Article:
How to Make Your Home Wheelchair Accessible

Making your home more accessible for elderly family members ...

Thousands of Canadians cohabitate with a loved one who has mobility issues. For these families, it may be necessary to make modifications to their home so it’s easy to move inside and outside with ease.

When you are not living with a disability, these small changes may seem minor, but they can mean everything to a person with limited mobility who is trying to regain their independence, especially if that person lives alone or is in a wheelchair.

Eliminate obstacles surrounding the home

Install access ramps and remove door sills since they are a significant obstacle for people in wheelchairs. Even one inch of elevation can be difficult to cross in a wheelchair and in some cases may even completely hinder access.

Widen door frames

To allow wheelchair access, some door frames will need to be widened. Although not always easy to accommodate, the ideal space to allow a wheelchair to swivel adequately is a circumference of 5 feet (1.52 m).

Make the kitchen functional

When it comes to adapting your kitchen, there are two points to keep in mind. First, someone who uses a wheelchair will need free hands so they can move around. Second, standard counters are often too high for someone who is seated in a wheelchair. If possible, the recommended counter height for someone in a wheelchair is 32 inches (81.28 cm). But if the counters will be shared, you may need to compromise at 34 inches (86.36 cm).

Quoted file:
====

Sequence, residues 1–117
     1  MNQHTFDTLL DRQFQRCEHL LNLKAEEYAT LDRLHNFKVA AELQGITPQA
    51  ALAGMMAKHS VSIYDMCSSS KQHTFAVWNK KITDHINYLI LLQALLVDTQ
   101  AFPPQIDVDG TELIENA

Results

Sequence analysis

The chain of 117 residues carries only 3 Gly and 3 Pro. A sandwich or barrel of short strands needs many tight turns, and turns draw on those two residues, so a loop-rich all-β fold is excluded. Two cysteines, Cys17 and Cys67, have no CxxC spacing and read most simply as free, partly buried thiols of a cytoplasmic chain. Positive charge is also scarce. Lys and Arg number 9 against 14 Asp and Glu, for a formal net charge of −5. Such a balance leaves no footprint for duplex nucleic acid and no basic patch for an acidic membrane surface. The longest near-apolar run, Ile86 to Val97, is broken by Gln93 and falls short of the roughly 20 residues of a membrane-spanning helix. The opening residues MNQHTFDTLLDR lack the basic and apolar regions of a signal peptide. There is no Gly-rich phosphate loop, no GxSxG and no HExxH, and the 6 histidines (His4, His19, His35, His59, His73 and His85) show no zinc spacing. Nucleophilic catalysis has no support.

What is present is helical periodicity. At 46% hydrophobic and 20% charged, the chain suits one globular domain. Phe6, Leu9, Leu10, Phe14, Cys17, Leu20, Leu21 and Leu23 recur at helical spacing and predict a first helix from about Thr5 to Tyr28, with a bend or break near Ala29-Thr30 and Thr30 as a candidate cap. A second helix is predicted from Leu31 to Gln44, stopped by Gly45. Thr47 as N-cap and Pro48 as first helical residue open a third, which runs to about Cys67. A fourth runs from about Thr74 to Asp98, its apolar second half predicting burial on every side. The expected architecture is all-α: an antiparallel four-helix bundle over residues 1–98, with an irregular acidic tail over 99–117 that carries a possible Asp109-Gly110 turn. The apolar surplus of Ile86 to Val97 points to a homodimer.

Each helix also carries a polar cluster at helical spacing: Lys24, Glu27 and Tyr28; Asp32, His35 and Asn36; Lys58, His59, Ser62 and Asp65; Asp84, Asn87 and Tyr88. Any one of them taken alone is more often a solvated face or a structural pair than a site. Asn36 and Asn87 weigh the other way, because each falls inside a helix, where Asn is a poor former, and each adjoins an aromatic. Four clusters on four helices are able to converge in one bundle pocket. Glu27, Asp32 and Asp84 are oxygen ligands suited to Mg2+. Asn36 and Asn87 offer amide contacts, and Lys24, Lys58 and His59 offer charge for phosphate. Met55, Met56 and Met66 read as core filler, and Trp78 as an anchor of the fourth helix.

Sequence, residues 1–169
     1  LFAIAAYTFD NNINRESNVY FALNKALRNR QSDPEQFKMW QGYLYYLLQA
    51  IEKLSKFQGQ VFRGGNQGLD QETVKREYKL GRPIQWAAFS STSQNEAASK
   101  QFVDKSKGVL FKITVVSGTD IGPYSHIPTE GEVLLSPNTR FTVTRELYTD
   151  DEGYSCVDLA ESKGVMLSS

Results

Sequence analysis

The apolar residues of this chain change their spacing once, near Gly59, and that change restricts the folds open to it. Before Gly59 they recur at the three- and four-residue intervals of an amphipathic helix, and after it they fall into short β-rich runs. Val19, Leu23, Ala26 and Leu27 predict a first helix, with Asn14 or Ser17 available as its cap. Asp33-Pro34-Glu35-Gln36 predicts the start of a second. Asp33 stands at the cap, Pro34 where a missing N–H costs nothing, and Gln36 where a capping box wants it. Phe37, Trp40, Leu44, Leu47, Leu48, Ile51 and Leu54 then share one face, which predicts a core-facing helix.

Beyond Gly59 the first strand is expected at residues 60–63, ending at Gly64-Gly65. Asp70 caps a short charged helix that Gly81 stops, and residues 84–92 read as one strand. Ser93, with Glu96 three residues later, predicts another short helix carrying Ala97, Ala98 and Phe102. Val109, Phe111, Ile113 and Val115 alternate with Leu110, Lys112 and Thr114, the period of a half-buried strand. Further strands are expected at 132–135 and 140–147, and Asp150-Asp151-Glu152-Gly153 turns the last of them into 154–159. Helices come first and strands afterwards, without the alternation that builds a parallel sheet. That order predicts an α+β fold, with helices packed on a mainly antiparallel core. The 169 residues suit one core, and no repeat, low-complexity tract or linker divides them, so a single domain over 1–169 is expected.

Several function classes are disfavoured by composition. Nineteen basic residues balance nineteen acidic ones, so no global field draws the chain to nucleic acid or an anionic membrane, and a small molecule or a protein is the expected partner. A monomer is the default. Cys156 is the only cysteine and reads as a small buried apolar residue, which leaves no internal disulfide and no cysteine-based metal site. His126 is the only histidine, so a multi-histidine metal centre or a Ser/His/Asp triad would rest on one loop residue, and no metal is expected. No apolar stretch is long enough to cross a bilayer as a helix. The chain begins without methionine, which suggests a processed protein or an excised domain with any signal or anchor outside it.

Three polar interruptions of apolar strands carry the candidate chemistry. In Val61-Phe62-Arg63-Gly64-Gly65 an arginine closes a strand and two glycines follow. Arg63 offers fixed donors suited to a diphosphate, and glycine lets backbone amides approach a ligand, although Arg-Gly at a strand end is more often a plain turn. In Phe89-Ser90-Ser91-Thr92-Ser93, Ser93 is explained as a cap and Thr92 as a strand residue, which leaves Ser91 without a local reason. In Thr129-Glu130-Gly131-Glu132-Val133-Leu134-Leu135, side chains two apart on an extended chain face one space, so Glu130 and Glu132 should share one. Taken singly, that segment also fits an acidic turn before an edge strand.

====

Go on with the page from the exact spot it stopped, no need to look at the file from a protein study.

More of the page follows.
Remember to also free the space under the counters and the sink to make room for the wheelchair, otherwise, these spaces become very uncomfortable to work in. Give preference to built-in ovens and fridges with a bottom freezer for three reasons: burns are less likely, food is more accessible and the wheelchair can move when the oven door opens. Avoid cabinet uppers as well as deep storage in lower cabinets. Instead, install sliding drawers for better access.

Improve mobility in the bathroom

Ensure there is enough room to allow easy access from the wheelchair to the toilet and install grab bars. The shower should also be free of sills so a wheelchair may be rolled next to a seat. Here too, you should free the space under the sink and lower the counters if possible.

Adapt the bedroom for ease of use

Depending on the person’s needs, it’s generally a good idea to free up enough space around the edge of the bed so the person can easily get in and out. Another option is to set up an electric bed that can be lowered or raised, as well as grab bars to ease transfers and movements.

Of course, there are many more considerations to help make your home more accessible that an expert can help identify. Depending on your province, you could be eligible for funding to help with the necessary renovations.

Some homes – especially homes with stairs – aren’t easily modifiable and in those cases, it might be better to sell. If you’re in the market for a home that is wheelchair friendly, aim for a one-storey property or one that has already been made accessible.

In the market for a home to meet your accessibility needs? As always, your Pilon Real Estate Group Agent is your best ally to help find the perfect home to meet your needs.

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